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September 29, 2011

Marshall Scores “BigGreen” GPU Cluster

Nicole Hemsoth

Researchers at Marshall University in the United States are set to receive a new GPU-powered cluster that will allow them to make further advances in bioinformatics, climate research, physics computational chemistry and engineering.

Nicknamed “BigGreen” the cluster will boast “276 central processing unit cores, 552 gigabytes of memory and more than 10 terabytes of storage.” This, coupled with the eight NVIDIA Tesla GPUs with 448 cores each will push BigGreen into the six teraflop range—and will allow the university’s researchers to explore new areas aided by simulation and parallel computation capabilities.

This new cluster comes about following a round of NSF funding under the “Cyberinfrastructure for Transformational Scientific Discovery in West Virginia and Arkansas (CI-TRAIN) program. This is a project that seeks to advance the IT capabilities of the two states’ institutions to build more robust nanoscience and geosciences research programs in particular.

As Dr. Jan I. Fox, Marshall’s senior vice president for information technology said in a statement this week, “For example, a 3-D scan of Michelangelo’s statue ‘David’ contains billions of raw data points. Rendering all that data into a 3-D model would be nearly impossible on a desktop computer,” she said. “Using our high-performance computing capabilities, a student or professor could run that same data and produce the model in just a fraction of the time. It will literally change the way we work and do research at Marshall University.”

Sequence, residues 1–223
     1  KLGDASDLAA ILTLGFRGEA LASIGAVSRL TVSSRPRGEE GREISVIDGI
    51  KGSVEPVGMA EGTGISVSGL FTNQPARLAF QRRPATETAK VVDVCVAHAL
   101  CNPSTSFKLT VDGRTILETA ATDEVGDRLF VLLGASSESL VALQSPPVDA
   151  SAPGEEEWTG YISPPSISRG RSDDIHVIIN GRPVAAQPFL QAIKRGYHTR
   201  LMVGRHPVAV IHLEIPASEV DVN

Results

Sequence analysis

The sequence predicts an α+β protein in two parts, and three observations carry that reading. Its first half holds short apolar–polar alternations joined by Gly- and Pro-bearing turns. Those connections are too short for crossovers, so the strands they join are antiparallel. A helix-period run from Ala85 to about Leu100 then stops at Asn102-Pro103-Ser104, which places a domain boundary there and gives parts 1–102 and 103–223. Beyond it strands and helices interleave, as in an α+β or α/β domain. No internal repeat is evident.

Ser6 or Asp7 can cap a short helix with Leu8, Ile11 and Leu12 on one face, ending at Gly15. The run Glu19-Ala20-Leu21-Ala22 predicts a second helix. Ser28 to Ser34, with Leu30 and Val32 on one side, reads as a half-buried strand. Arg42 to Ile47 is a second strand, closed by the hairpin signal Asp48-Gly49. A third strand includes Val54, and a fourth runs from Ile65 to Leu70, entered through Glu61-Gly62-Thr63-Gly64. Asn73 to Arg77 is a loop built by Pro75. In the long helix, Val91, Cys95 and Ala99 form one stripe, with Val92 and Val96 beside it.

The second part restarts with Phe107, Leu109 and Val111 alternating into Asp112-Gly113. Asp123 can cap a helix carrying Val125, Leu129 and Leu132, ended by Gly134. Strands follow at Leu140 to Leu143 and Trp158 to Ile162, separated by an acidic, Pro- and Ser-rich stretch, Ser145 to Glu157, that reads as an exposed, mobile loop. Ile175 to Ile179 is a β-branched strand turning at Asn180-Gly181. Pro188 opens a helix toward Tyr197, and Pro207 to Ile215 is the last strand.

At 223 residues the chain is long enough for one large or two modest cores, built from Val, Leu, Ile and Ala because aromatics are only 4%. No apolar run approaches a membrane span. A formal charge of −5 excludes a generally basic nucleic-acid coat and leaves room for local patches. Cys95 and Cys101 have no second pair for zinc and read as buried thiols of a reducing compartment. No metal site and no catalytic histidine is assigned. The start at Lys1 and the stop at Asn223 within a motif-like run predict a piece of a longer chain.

Fox went on to note that “the new cluster is critical to assisting researchers with their diverse objectives. He noted that this addition “makes possible scholarly innovation and discoveries that were, until recently, possible only at the most prestigious research institutions,” she said. “Along with our connection to Internet2, our students and faculty now have access to computing power, data and information we could only imagine just a few years ago.”

Full story at Marshall University